Continuing our great southeast Asian pork tour (previous stops have included Kuala Lumpur, northern Thailand, and northern Sumatra) here on EatingAsia, we touch down in Manila. As a reader commented on our last post, pork is king in the Philippines - perhaps even more so, I would add, than in northern Thailand. Not much strolling is done on the streets of the Philippine capital, but if one were to hoof it around Manila one could count on at least one whole roast pig sighting a day.
Lydia is legend in Baclaran, a Manila neighborhood fronting the Bay that's home to Seaside, a small but fantastic seafood market, and a Redemptorist church that sees heightened activity on Wednesdays, when devotees of Our Lady of Perpetual Help crowd into the church for mass and leave offerings at and worship at the saint's statue outside.
Lydia is Baclaran's lechon (roasted pork) queen. Born and raised in the neighborhood, she opened a lechon stand when she was fifteen years old (she's now 60). Word of her delicious lechon spread well beyond Baclaran, sales grew year-by-year, and about two decades ago she opened a lechon restaurant a stone's throw from seaside. She now owns a hog (and fighting cock) farm in Batangas and supplies lechon to most of Manila's five-star hotels.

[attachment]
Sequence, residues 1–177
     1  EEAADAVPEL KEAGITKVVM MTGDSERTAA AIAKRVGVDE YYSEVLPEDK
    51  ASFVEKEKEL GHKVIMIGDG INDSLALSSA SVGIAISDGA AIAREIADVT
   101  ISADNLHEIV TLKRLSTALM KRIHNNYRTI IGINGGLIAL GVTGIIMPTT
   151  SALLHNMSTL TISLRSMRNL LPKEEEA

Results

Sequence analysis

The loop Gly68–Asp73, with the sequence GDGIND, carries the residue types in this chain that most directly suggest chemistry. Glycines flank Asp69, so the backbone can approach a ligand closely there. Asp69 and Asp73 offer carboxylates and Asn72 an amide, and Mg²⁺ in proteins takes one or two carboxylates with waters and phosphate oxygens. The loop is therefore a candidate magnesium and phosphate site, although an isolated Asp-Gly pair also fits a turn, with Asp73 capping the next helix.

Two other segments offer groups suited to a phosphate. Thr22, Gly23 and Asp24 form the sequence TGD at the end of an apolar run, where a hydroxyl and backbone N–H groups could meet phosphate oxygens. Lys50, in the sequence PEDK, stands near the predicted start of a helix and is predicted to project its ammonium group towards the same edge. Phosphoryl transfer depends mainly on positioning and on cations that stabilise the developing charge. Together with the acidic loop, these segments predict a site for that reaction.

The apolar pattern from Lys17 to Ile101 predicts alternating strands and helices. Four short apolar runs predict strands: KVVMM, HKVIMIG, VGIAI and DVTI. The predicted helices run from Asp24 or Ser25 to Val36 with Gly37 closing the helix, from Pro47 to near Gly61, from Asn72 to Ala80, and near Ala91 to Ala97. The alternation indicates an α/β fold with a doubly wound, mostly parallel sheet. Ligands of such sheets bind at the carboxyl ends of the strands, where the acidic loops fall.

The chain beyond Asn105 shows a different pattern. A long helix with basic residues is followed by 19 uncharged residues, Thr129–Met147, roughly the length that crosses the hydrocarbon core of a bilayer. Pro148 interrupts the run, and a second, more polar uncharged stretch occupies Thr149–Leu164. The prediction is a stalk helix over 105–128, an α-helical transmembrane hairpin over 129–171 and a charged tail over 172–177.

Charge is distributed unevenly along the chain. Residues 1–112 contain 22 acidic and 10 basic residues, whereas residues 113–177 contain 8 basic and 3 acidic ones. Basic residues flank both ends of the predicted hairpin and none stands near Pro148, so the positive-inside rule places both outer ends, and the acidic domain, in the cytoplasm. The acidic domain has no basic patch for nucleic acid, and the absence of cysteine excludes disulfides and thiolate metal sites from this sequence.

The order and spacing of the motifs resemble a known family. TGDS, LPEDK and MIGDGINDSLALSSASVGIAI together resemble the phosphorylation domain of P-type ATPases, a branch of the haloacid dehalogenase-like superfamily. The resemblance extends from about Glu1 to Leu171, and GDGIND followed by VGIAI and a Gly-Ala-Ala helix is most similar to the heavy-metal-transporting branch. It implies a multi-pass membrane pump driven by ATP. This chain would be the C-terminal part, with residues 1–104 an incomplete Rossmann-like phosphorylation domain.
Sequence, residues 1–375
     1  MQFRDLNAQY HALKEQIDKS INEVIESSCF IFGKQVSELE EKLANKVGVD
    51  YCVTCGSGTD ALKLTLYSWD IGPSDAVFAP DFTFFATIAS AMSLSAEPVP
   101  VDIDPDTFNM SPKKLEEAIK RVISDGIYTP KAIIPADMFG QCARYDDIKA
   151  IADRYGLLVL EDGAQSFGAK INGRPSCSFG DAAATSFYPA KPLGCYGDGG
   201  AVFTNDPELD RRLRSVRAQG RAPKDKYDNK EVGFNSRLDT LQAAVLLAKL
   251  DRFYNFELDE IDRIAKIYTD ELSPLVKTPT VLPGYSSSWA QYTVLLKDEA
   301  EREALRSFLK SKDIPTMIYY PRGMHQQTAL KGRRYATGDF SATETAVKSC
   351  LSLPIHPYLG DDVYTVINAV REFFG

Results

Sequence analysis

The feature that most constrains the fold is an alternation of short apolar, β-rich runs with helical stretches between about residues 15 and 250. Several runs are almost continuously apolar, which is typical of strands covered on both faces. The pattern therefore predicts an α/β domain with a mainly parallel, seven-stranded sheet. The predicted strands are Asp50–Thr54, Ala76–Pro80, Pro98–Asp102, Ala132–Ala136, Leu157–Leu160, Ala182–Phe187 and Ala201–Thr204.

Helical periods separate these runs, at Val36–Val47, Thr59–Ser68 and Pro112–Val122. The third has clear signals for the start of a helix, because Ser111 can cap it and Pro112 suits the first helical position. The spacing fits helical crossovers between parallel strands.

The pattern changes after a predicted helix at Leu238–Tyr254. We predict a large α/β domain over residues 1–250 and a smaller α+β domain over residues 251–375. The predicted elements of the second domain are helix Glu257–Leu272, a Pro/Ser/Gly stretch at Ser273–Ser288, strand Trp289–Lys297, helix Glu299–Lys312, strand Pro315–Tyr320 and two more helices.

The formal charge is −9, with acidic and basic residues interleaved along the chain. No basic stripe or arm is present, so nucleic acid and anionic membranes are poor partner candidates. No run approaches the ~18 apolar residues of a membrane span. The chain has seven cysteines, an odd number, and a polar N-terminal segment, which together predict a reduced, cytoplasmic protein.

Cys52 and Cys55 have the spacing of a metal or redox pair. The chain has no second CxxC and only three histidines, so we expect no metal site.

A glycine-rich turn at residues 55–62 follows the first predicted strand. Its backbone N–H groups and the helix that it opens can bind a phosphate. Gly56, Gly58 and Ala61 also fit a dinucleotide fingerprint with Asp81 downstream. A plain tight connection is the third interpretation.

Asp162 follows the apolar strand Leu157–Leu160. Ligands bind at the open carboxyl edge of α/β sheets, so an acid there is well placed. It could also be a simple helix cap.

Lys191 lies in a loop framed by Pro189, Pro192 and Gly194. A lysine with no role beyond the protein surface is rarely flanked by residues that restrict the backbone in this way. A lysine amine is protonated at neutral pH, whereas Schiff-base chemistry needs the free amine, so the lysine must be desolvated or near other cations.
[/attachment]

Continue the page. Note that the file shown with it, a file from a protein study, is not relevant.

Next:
We caught up with globetrotting Lydia at the restaurant. She'd just returned from a sojourn in LA. Business is good, very good. Lydia spoke with enthusiasm of the shopping on Rodeo Drive.
Lydia's is a simple, open-air affair with walls painted in sunshine yellow, colorful formica-top tables and, a bit bizarrely, many photos of cute little piggies.
It's a fine place for a brunch of juicy, tender, porcine-ful pork with a crispy, laquered skin and just the right amount of fat. Alongside, a plate of steamed rice and an intriguing pork broth soured up with tamarind - light and bright and a good complement to the pork.
Pig is, obviously, the focus here, but the display at the back groaning with other dishes deserves a once-over. On our way in we passed a couple splitting a bountiful golden-riced paella studded with shellfish and chicken. Not wanting to detract from the lechon we stuck with simpler dishes: a grilled squid stuffed with tomato, onion, and ginger (skillfully cooked, almost fork tender - excepting the crunchy, crackly tentacles - and very smoky), served with a soy and vinegar-based sawsawan (dipping sauce),
and laing, a Bicolano dish of taro leaves simmered in coconut milk. Lydia's version included pumpkin or winter squash. A bit rich, perhaps, to accompany a plate of pig and fat, but tasty nonetheless.
We know that Filipinos, a people as opinionated about food as Malaysians are, will chime right in and tell us if we did not dine on Manila's best lechon at Lydia's. But we walked out of the place pretty happy.
Lydia's Lechon, Roxas Boulevard (just a few minutes' walk from Baclaran Church), Baclaran, Manila. Breakfast, lunch, and dinner. From 135 pesos for 1/4 kilo of lechon to 5,400 pesos for 10 kilos.